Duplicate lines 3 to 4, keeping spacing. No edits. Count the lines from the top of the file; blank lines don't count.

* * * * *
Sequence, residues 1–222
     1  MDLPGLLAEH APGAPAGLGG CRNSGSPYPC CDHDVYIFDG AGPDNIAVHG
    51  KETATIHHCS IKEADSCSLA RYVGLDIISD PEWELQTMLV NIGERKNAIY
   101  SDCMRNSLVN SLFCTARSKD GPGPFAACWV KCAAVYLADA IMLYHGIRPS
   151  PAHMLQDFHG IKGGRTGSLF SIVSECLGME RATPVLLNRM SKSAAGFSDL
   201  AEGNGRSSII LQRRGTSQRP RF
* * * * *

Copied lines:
    51  KETATIHHCS IKEADSCSLA RYVGLDIISD PEWELQTMLV NIGERKNAIY
   101  SDCMRNSLVN SLFCTARSKD GPGPFAACWV KCAAVYLADA IMLYHGIRPS